The history of the Black Faculty and Staff Association (BFSA) has been cyclical in nature, with several periods of tremendous enthusiasm and low-level doldrums.
- Recruitment of Black faculty, staff, and graduate and undergraduate students
- Retention, promotion, and tenuring of Black faculty and staff persons
- Work to increase opportunities so that the social, psychological, academic, and economic needs of Black students can be better met
- Provide a vehicle to increase interaction between the Black faculties and staff throughout the university system and those in Knoxville
- Provide expertise that can be utilized in bringing about better extra- and intra-university race relations
- Bring together Black UT personnel for mutual, social, and political needs
- Help Black awareness at the university through speakers, entertainment, films, books, and related activities
- Work with individual Black students, as well as the various Black university organizations, in a support and advisory capacity
- Provide a Black scholarly atmosphere by sponsoring lectures, book review sessions, and similar programs.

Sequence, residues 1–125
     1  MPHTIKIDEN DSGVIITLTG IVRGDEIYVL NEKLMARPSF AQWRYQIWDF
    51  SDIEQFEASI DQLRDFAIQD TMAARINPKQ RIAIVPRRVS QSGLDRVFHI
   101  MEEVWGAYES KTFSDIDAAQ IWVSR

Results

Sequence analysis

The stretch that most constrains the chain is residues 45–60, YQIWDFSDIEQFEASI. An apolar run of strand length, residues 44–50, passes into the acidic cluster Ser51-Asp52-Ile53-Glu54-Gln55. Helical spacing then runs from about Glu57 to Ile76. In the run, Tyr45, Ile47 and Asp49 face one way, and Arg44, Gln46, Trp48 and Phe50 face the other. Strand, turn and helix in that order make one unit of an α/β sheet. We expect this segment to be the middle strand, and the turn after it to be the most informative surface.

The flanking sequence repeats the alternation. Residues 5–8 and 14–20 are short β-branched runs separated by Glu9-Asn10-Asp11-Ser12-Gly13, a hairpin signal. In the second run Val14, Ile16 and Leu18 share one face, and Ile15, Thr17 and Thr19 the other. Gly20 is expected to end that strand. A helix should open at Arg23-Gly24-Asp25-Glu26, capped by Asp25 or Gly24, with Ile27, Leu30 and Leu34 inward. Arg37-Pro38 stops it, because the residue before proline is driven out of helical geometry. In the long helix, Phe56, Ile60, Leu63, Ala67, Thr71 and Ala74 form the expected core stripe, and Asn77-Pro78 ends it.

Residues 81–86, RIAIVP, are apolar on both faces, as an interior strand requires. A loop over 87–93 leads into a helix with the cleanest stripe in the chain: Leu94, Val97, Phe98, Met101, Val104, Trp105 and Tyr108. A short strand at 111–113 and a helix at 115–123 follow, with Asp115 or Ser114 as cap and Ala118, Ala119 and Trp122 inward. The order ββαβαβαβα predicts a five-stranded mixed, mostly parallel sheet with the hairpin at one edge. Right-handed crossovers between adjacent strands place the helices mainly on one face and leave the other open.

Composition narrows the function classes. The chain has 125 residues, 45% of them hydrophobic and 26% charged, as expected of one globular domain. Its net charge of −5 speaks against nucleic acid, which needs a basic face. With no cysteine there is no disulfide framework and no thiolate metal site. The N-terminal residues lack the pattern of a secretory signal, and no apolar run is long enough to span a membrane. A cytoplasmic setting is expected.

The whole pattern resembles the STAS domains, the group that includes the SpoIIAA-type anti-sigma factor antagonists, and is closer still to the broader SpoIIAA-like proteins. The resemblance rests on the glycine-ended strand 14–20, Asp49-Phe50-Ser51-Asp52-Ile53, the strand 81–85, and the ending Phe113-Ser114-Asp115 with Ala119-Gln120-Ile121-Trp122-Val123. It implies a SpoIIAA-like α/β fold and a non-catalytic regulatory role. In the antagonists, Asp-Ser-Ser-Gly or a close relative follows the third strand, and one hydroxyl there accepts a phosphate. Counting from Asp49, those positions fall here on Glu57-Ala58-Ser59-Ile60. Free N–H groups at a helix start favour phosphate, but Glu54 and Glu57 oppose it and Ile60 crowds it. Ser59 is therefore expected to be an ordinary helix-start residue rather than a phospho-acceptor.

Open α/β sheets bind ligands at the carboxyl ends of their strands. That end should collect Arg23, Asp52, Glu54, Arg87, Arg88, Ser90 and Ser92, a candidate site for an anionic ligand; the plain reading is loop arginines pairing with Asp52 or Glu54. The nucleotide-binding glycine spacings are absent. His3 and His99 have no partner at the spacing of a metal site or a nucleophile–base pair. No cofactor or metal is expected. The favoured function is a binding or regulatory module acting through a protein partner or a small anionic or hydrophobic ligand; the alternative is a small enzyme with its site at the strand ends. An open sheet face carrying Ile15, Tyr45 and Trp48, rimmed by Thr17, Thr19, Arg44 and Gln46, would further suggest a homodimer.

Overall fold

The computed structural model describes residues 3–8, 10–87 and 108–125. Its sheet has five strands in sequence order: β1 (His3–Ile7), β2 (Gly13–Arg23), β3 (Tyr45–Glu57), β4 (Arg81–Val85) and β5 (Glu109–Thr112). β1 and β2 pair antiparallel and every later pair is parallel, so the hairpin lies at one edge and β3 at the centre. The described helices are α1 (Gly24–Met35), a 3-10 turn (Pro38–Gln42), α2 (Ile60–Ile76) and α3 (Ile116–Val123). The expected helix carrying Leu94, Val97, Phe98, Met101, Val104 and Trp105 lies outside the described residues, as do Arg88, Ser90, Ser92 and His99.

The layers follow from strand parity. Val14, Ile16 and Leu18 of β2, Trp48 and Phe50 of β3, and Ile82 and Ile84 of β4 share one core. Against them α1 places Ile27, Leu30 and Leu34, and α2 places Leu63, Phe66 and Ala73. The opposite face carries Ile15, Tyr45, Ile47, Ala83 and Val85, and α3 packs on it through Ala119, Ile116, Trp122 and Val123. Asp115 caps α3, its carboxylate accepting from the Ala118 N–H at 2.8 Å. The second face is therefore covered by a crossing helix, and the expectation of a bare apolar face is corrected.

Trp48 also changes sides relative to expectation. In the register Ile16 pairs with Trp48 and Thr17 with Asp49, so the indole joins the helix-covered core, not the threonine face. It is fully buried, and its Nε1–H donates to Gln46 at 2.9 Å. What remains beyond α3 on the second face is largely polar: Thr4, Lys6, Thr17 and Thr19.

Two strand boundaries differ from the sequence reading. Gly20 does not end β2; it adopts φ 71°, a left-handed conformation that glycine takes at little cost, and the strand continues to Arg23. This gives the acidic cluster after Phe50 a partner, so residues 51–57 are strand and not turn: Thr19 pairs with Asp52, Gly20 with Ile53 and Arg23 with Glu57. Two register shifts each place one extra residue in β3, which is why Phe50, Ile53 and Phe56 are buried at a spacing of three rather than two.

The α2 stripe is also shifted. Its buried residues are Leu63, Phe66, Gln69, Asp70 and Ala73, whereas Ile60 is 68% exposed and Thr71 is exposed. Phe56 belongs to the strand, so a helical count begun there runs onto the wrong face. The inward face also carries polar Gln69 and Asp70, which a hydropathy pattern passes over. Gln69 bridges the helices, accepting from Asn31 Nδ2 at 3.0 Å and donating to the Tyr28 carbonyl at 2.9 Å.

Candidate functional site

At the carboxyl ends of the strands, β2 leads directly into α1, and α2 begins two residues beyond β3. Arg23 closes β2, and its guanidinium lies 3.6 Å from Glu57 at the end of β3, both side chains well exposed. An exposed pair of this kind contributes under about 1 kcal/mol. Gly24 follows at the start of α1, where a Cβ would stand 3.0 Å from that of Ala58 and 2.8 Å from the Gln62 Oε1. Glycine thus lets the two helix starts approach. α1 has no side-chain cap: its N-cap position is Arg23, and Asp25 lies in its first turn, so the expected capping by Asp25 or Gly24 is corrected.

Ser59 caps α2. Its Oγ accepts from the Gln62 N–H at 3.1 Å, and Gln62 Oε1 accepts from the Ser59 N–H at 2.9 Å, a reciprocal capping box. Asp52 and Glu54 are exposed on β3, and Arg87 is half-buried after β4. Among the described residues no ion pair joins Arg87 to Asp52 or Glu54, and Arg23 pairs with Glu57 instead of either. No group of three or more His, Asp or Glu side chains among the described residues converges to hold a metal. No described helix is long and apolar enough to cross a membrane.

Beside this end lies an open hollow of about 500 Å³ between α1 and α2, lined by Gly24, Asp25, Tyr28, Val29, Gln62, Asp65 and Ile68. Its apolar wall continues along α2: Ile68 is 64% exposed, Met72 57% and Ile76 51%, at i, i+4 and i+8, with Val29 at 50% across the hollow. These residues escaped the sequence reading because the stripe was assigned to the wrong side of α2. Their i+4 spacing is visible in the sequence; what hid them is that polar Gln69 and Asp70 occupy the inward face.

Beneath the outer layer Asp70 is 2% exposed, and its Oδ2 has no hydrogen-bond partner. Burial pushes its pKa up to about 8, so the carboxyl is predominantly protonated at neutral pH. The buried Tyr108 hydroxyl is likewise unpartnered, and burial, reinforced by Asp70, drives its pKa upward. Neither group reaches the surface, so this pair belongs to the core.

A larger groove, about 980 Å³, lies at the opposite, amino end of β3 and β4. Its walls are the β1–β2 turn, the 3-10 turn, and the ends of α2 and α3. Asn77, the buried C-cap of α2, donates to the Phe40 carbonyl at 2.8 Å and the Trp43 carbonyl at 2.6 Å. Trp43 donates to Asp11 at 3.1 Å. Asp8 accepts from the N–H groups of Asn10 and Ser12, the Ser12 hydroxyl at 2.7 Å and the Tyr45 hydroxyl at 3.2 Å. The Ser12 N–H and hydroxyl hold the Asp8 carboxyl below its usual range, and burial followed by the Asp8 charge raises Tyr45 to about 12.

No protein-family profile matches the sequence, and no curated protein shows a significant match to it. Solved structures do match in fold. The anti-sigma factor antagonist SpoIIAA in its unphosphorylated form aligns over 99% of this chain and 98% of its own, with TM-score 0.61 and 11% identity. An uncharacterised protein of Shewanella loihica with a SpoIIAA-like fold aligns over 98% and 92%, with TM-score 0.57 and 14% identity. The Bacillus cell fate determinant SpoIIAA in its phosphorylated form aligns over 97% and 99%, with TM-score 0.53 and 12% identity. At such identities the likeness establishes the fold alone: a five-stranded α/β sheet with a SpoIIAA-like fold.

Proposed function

With Ralph Boston, the noted Olympian, as its first president, BFSA met regularly in members’ homes, created a dues structure ($20.00/year), developed a minority scholarship fund ($3,387.80), initiated a campus and community-wide voter registration drive, conducted a research symposium on African American issues (Mt. Zion Baptist Church), published research papers, produced a Black faculty/staff directory (1975), and brokered the opening of the first Black Cultural Center (1975), under the direction of Dennie Littlejohn.
It is interesting to note that in 1975, there were forty-two full-time faculty (one full professor), almost exclusively at the non-tenured, assistant professor level. The undergraduate Black student enrollment had declined from 659 to 595.
Provided by Dr. Ronald McFadden.